When I first learned about Call of the Sea by Out of the Blue games, I immediately thought about the many failed attempts of video games telling the story about the Lovecraftian horrors of Cthulhu, Dagon, and many other cosmic “great ones” of his mythos. Call of the Sea is by far the best story-driven game that follows the popular myths of creatures and gods with its own unique blend of beautiful art, environments, and story while giving a reasonable challenge to any puzzle-solving gamer.
Norah Everhart has been stricken with a seemingly irreversible illness and her husband embarks on a journey to find a cure. She receives a mysterious package and goes off on a journey of her own to find her missing husband and the cause of her ailment, all on a beautiful, deserted island. An incredibly basic and cliché premise. What sets the story apart is its use of mystery without being overly ominous or scary. In fact, the story focuses mainly on the history of Norah and her husband Harry while also slightly touching on her sickness and the progress of Harry’s expedition to save his wife.
This gives some great character development and insight into their motivations. While most games focus on the horror aspect of their story, this one is about love, loss, hope, and failure. It was a breath of fresh air to play a game that was about the characters rather than the spectacle.
Rarely do I search for collectibles and documents to read about the events of a game. I would rather have it all given to me by audio while playing the game. Call of the Sea however had me wanting more to find and read. Documents, photos, and equipment is strewn about the island. Norah narrates them all as players find them, giving backstory on not just Harry but his entire expedition team. This is what I call great storytelling.
As always, a story can be great, but does it play well? Call of the Sea is no action game. Expect a lot of walking and heavy puzzle solving. Think “The Witness”, another walking sim/puzzle game developer by Thekla Inc. but with more dialogue. If that is not your cup of tea, then you should move on to something more fast-paced and action-driven. The slow-paced gameplay and increasingly difficult puzzles are standout elements of this game.
I know some players would think it’d be nice to walk or sprint a bit faster, but honestly, with a game this beautiful and full of items to find, you need to take your time. As players search through each different environment, they find clues which Nora will write or draw in her journal to refer back to again so there’s no tedious backtracking. This little feature helps keep you focused on the puzzles at hand rather than exhausting your time and energy remembering or writing things yourself.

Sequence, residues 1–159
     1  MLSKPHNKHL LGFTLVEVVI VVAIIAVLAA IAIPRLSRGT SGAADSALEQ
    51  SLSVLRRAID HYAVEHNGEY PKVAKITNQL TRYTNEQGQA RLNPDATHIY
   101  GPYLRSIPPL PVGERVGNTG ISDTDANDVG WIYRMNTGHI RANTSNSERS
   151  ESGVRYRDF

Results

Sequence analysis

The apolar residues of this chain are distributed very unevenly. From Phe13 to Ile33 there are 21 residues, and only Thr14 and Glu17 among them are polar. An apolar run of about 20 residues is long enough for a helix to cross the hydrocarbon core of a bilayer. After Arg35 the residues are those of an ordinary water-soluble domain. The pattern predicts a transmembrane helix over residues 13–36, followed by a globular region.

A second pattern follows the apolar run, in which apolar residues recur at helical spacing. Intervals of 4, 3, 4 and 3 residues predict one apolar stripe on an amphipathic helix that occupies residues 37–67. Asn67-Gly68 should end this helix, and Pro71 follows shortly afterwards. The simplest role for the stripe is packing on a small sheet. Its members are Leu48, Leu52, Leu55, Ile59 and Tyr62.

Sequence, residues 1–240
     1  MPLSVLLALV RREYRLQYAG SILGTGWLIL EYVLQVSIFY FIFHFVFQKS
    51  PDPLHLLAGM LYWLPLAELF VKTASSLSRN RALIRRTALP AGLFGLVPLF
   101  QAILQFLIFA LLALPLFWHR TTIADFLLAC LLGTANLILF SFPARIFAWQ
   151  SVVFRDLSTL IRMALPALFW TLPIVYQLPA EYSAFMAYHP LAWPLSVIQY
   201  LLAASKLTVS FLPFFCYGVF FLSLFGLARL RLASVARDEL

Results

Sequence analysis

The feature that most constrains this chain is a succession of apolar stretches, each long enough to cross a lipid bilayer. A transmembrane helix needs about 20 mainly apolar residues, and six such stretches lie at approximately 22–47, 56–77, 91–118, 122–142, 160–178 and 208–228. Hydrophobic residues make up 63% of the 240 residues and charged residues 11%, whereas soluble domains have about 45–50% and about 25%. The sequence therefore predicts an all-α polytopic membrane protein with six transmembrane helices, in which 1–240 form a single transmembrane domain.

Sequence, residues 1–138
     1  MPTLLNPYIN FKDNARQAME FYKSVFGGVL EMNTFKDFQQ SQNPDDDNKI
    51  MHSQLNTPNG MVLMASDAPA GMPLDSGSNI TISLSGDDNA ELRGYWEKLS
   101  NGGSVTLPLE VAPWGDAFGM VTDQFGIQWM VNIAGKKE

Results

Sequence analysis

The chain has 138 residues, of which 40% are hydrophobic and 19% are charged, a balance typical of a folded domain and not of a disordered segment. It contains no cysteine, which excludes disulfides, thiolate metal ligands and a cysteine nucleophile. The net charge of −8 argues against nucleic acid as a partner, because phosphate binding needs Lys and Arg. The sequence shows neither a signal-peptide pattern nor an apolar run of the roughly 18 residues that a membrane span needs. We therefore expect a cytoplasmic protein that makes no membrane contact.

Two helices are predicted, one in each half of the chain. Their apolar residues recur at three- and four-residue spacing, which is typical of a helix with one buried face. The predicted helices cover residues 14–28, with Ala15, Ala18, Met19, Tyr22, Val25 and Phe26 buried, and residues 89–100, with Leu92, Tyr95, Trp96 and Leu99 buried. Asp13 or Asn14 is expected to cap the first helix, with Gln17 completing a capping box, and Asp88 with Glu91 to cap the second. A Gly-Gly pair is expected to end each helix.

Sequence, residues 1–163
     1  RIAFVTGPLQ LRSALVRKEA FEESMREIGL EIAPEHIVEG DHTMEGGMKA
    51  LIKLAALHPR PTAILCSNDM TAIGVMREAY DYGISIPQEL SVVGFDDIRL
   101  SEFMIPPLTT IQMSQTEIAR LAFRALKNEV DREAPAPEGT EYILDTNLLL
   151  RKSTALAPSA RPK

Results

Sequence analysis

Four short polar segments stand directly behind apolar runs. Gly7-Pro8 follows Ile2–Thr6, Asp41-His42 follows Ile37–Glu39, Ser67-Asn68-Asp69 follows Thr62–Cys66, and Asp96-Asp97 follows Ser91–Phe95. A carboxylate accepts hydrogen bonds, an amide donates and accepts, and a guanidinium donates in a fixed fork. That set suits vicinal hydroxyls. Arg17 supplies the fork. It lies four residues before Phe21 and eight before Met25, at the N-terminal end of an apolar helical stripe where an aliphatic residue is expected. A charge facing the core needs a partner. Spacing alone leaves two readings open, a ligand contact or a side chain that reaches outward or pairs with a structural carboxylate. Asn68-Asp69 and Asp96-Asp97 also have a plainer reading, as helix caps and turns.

Each puzzle is unique and sometimes mind-numbingly difficult, especially towards the last two chapters. No two puzzles were alike. Each one gave its own challenge and expectations. One example is searching for clues on how to activate a massive organ piano to progress to the next level. Once you find what each note represents, you must open and close valves to play the proper tone. Those clues are found nowhere near where the actual puzzle is. They are found at a camp further away, so if players don’t search properly, they may find themselves stuck or backtracking to find everything they need. Paying close attention to detail and searching for as much as possible are the keys to success.
Aside from the gameplay and character development, Call of the Sea looks beautiful. It has a unique art style with its vibrant colors and environments. This is a very distinct take on eldritch horror-style games since they are usually dark, gloomy, and full of death and scares. It does have some dark and eerie places to explore, but its focus is the gorgeous landscape, serene music, and steady pace. Players will still see some strange events and findings throughout their exploration which provides a lot of mystery to Nora’s journey. Black goo, weird footprints, and giant creatures are just an example of what to expect.
The only downside to the game is its length. It is short and if you breeze through each puzzle, it can be finished in one or two sittings, approximately 6 hours. The only variety it offers is two different endings. Everything else will play the same. No unlockables, extra levels, or puzzles. There is barely any replay value to Call of the Sea. Enjoy the ride while going through your first playthrough. I recommend players experience this amazing story, relish its puzzle-fueled gameplay, and appreciate a unique take on Lovecraft lore.
“I cannot think of the deep sea without shuddering at the nameless things that
may at this very moment be crawling and floundering on its slimy bed…”
― H.P. Lovecraft, Dagon
This review was written based on a digital review copy of Call of the Sea for the PlayStation 5 provided by Out of the Blue and Raw Fury.